Jeff Miller, AVP of learning and organizational effectiveness at Cornerstone, agrees. Organizations, he says, need to “always maintain a succession mindset.” Encouraging that type of mind-set, he says, helps ensure that people will be motivated to train others to do their jobs.

“If no timeframe is established, people may lose motivation and good people may leave,” he says. “It’s important to set realistic timeframes for promotion and include instructions for training others below them to make this all possible,” says Miller.

MyRoofingPal, an online marketplace that connects people with local residential and commercial home improvement contractors, is a company that has done just that, says Courtney Keene, Director of Operations.

It’s a company that values learning and advancement and actively encourages employees to train others in the responsibilities of their job, where appropriate, she says.

“We want everyone on our team to adopt a philosophy of learning every single day, and this is just one of the ways we try to achieve that,” says Keene. “We also believe these teaching moments help encourage cooperation and establish relationships between employees. If an employee does advance, they’ll then have an established rapport with their reports, since they trained them before the promotion.”

Doing It Well

At MyRoofingPal, says Keene, “We’ve avoided resentment or fears of replacement by making sure all employees know where they stand. Those that want to advance have the option to do so, and those that want to stay where they are aren’t going to get forced out by a younger employee they helped train,” she says.

That type of transparency is critical in building the type of trust required to support a culture of succession, says Keene.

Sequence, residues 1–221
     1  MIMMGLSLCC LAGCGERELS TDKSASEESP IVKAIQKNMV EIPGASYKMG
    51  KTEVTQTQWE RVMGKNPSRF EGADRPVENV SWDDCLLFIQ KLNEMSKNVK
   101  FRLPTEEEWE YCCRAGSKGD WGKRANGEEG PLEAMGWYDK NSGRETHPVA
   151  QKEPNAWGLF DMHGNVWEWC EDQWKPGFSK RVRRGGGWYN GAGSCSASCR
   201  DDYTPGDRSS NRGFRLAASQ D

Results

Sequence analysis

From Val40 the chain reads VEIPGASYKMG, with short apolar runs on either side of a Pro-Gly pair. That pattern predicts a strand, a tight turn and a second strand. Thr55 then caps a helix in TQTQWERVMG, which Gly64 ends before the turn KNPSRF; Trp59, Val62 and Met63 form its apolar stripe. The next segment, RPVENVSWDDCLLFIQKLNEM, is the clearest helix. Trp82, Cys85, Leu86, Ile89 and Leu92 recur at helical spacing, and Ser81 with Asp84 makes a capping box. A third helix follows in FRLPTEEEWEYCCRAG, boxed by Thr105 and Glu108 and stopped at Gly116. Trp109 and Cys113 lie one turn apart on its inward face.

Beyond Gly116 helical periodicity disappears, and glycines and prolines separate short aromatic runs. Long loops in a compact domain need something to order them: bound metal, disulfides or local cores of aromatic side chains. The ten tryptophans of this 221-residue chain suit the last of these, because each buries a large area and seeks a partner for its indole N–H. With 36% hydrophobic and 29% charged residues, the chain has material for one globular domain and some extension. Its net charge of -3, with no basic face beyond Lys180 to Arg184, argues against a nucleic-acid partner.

“I would encourage companies to be very transparent when doing this. Make sure employees understand why they’re being asked to train others. If they have fears about being replaced, show them those fears are unfounded and provide them with training, too. These considerations will go a long way toward easing any tension,” Keene adds.

Not all employees may be interested in advancement or taking on new roles. In addition, there may be employees who are not tapped for these opportunities for various reasons. Those reasons should be shared with them, advises Miller, who says it’s important “to be honest with those who aren’t in the line of succession so that they can make other plans, hopefully within the same company.”

Importantly, organizations that are committed to developing an environment that encourages employees to “work themselves out of their jobs” need to show, through word and deed, that these efforts will lead to reward, not punishment.

Employees believe what they see more than what they hear. Because of this, it also can be a good idea to make a big deal out of situations when employees train others to take over their role, or a part of their role, so they can move on to other things.

Celebrate succession visibly to support the culture you wish to build.